At the same time, we saw a growth in nonprofit news organizations, but they often don’t have the kind of institutional support around legal that they need to establish themselves as sources of information in their communities. So RCFP sees an opportunity to find clients who need that kind of really fundamental legal support for their newsrooms. We balance the needs-based cases with impact cases.

D: Tell me about RCFP's litigation work and how it determines potential impact.

KATIE TOWNSEND: We think of impact in terms of making impact on the legal atmosphere—so, whether we're going to be able to make good precedence and establish good law that will benefit journalists and filmmakers. We also look at impact in terms of the information that we're trying to get and the benefit to the public of disclosure of that information.

A lot of the work that we do is in the area of court access and access to judicial proceedings and records. We won one of the leading cases that went up to the Seventh Circuit in support of the ability of district courts to provide public access to grand jury materials in historically important cases. That was the case that involved records from the 1940s related to the Battle of Midway. [At the time, using the Espionage Act,] the government had actually attempted to get a grand jury indictment of a member of the mainstream media, a reporter at the Chicago Tribune, for reportedly publishing classified information about how the US government knew the Japanese military plans for the Battle of Midway. So it was a really fascinating historical instance that has a lot of resonance today. 

D: What led RCFP to start working with documentary filmmakers?

BB: We see the news-gathering work of filmmakers as essential to rounding out the services that RCFP offers. Today, audiences are so fortunate to have many different ways of consuming and obtaining high-quality storytelling, and some of the best storytelling is coming out of documentary films, for sure. And we felt it was very important that RCFP serve as a bridge organization between the film community and the journalism community. 

KT: Before I came to the Reporters Committee, I worked primarily as a media and entertainment lawyer. Maybe this is very simplistic, but I love documentary films, and when I came here I realized we weren’t speaking to [filmmakers] directly. I recognized that there’s some incredible journalism that's being done by filmmakers, and I thought to myself, this is a group of journalists that could use our services. 

One of the things that we've learned is that documentary filmmakers, most of all, need front-end help in terms of evaluating what their legal risks might be. A lot of journalists come up through environments where they may have gone to journalism school and have been forced to take media law, or they worked in a newsroom with a culture around the law protecting journalists, which I don't think that a lot of documentary filmmakers have the benefit of.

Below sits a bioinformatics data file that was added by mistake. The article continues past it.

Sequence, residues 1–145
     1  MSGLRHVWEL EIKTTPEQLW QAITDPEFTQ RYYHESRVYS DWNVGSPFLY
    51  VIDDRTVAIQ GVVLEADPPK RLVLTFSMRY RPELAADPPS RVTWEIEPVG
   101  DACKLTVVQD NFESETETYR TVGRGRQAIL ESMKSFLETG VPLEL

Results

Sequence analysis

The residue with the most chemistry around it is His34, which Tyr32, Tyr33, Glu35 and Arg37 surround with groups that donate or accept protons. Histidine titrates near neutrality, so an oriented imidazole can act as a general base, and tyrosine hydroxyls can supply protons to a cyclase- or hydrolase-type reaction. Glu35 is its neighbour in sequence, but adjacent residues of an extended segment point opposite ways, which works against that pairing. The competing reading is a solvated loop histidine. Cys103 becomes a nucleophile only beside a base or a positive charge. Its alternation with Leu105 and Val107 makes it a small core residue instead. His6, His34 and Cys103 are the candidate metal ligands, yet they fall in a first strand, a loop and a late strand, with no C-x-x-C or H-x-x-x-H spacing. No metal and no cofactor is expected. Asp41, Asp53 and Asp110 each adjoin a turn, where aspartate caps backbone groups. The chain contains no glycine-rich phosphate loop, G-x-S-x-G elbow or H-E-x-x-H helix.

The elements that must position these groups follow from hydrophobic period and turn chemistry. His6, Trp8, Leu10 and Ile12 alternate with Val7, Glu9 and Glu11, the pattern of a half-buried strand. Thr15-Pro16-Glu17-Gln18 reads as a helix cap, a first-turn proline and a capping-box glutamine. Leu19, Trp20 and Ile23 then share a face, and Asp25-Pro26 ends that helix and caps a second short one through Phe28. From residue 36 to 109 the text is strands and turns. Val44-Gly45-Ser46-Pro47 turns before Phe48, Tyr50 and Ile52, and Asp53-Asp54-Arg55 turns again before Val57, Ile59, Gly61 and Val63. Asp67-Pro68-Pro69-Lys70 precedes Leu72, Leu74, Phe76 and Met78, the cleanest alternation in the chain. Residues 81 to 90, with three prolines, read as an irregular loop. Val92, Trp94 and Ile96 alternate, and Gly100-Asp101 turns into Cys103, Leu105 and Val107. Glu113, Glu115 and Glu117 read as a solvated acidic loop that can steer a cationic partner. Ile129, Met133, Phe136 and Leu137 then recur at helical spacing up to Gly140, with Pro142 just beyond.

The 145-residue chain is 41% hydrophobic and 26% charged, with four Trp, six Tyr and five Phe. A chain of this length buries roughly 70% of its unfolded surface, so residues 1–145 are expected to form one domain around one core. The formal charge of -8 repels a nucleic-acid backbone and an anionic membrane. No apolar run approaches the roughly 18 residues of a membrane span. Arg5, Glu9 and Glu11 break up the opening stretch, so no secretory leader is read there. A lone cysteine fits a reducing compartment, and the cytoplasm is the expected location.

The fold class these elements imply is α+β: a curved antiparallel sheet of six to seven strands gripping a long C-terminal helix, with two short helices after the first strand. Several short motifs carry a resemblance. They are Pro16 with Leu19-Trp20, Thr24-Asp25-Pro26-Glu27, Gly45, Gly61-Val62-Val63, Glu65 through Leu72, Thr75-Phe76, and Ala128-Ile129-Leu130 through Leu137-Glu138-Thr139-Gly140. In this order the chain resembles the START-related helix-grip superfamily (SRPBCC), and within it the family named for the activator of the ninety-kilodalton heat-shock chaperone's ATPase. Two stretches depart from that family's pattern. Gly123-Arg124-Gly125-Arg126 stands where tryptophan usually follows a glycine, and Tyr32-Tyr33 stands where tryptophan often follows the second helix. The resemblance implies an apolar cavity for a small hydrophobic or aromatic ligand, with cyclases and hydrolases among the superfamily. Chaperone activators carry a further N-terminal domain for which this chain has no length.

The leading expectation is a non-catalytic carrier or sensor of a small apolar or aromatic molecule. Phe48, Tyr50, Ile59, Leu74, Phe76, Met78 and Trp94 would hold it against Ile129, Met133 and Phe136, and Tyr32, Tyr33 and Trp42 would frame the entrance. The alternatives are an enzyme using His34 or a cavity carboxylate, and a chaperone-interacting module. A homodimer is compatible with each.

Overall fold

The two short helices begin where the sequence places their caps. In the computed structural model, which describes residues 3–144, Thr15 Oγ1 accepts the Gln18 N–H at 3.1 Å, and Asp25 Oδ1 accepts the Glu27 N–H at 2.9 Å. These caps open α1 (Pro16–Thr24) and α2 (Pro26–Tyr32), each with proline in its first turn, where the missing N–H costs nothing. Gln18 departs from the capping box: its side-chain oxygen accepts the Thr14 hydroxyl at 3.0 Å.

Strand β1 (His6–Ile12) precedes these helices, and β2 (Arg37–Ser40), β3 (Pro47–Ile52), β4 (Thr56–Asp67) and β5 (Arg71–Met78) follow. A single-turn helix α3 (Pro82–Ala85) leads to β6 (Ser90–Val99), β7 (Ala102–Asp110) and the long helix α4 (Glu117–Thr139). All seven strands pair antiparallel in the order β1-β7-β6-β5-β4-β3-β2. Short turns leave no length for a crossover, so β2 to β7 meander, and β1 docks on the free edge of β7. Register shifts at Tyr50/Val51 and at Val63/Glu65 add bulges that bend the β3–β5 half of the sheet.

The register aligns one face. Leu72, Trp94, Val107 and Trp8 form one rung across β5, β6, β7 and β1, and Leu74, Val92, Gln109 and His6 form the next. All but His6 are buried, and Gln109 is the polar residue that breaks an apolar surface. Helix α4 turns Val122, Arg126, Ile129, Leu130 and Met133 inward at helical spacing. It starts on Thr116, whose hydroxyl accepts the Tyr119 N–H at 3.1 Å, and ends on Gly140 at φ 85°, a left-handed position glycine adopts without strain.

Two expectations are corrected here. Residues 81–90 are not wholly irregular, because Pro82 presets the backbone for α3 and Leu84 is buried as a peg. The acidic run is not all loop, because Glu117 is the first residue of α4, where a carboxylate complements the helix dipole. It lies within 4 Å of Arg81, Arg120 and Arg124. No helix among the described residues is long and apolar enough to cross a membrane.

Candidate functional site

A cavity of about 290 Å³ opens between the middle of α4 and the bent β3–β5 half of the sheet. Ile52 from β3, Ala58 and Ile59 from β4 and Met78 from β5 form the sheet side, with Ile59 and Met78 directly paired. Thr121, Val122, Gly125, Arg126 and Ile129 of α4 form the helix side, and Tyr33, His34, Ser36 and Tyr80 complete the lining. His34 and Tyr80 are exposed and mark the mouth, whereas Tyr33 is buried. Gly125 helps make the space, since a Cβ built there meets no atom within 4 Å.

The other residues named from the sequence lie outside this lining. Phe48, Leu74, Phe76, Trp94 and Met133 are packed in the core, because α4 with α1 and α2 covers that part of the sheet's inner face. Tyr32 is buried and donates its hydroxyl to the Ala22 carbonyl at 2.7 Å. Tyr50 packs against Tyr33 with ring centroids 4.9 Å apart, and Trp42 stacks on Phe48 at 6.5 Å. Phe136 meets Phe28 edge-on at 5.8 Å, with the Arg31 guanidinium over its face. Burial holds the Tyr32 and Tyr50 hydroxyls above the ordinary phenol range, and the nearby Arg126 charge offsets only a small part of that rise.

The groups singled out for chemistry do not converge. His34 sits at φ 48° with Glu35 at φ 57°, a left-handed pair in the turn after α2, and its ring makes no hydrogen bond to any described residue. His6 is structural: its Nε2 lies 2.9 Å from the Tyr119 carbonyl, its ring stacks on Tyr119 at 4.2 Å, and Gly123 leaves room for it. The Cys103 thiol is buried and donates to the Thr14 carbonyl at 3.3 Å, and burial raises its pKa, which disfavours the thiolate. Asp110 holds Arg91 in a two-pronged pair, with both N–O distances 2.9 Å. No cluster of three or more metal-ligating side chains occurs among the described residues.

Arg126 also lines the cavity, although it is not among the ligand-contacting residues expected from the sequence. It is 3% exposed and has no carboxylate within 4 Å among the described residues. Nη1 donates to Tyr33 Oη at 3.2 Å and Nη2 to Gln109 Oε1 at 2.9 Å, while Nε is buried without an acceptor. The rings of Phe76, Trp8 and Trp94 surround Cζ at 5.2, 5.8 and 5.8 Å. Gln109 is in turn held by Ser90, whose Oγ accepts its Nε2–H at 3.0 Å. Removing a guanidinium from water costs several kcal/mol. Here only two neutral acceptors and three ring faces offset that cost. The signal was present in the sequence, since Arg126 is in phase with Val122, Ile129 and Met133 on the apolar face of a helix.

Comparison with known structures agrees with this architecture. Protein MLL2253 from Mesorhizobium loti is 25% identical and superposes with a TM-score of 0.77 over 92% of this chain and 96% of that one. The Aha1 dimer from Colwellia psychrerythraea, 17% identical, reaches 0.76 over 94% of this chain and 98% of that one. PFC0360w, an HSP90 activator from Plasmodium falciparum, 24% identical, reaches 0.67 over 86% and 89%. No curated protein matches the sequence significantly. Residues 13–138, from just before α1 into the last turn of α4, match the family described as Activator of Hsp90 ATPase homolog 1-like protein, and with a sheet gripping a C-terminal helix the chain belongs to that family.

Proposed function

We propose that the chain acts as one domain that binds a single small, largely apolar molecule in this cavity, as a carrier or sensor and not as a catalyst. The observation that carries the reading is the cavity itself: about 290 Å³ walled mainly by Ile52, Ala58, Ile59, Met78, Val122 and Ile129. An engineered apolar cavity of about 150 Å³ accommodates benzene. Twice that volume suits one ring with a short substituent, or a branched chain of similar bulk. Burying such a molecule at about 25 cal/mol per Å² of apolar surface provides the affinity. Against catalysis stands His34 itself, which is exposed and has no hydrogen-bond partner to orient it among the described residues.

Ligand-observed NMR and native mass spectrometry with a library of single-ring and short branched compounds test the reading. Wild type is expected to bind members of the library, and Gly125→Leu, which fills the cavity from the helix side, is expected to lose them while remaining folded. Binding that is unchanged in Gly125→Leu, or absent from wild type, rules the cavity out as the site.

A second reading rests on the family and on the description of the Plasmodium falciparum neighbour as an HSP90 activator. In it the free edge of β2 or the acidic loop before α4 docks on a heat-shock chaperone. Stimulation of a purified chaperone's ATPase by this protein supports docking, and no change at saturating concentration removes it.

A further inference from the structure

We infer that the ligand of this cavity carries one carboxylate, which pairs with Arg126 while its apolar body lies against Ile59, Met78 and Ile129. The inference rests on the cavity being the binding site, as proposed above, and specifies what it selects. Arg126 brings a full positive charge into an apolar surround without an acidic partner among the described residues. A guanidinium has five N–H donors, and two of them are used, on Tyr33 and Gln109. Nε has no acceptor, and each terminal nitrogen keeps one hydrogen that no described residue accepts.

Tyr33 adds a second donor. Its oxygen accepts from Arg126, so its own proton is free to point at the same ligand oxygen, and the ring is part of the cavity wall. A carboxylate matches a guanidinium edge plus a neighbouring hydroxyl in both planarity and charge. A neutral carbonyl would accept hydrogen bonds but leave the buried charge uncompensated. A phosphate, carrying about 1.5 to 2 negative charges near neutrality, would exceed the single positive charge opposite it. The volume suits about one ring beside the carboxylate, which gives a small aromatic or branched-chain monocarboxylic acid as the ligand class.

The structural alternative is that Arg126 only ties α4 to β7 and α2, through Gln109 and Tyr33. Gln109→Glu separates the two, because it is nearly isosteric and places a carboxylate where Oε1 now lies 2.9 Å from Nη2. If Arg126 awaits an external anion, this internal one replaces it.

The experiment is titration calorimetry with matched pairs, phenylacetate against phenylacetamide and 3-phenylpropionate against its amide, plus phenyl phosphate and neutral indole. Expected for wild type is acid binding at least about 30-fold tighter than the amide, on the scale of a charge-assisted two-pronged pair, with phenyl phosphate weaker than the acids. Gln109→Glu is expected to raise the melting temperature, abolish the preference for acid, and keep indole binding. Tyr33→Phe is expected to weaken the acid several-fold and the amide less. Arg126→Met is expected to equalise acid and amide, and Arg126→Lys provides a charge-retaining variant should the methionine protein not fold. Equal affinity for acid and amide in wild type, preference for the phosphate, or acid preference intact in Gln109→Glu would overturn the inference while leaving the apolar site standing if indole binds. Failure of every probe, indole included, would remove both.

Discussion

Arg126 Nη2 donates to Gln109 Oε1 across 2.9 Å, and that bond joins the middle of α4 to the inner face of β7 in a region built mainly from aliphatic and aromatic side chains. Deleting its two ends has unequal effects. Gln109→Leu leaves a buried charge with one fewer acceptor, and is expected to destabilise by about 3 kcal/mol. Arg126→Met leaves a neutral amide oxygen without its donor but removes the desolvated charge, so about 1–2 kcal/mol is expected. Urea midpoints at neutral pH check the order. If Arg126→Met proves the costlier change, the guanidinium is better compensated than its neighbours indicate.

We're working with [IDA] Enterprise [Documentary Fund] grantees who are implementing journalistic practices but are also highly skilled filmmakers working on amazing projects, and we're able to come in at the beginning and work with them throughout to help identify what some of their issues are. Some of them have access issues, and we can talk those through and even help them move to unseal information. We can also help them identify areas of potential risk so they can reduce that potential risk, which ends up making their lives easier. It reduces the possibility that they get sued, but it also kind of smooths things out for them as they look forward to distribution and to getting insurance and all those fun things that filmmakers have to deal with. 

D: Sometimes filmmakers don't view themselves as journalists; how can we get beyond this perception? 

KT: This is something I try to drive home whenever we're talking with filmmakers. As a legal matter, it doesn't really matter what the label is, right? How you define journalists is basically the practice that you're engaged in, and that's true in how the law recognizes people. So you might have a so-called reporter's shield law that can help protect a reporter's confidential sources or work products, but those laws apply to documentary filmmakers too, and it doesn't matter whether or not that documentary filmmaker wants to fully take on the mantle of journalism. If they’re an independent filmmaker, then the law allows them to take advantage of those protections, because what they’re doing is the same thing: They're gathering information and they’re editing and then they’re distributing it to the public. 

I don't need any documentary filmmaker to say, "OK, fine. I’ll start calling myself a journalist"; that's not really the point. The point is understanding how these laws view the work that they do, and how courts view the work that journalists do and when it is advantageous to you as a filmmaker—and it often is— to be able to rely on some of these protections. 

D: Is there anything else you would like us to highlight for our members?

BB: I would hope that your members would see the Reporters Committee as a resource to which they may turn for a wide range of needs. They may have questions around a threat received involving defamation or libel. They may have a desire to try to see through that public records request that they had given up on, because they didn’t think that they could get the information. They may have questions about source confidentiality. 

We live in a borderless world now. A filmmaker in San Diego whose producers are in Austin, who did most of her interviewing in Vermont, may face a legal action somewhere else. So how do we help filmmakers in those situations find real resources? 


Carrie Lozano is the Director of the IDA Enterprise Documentary Fund.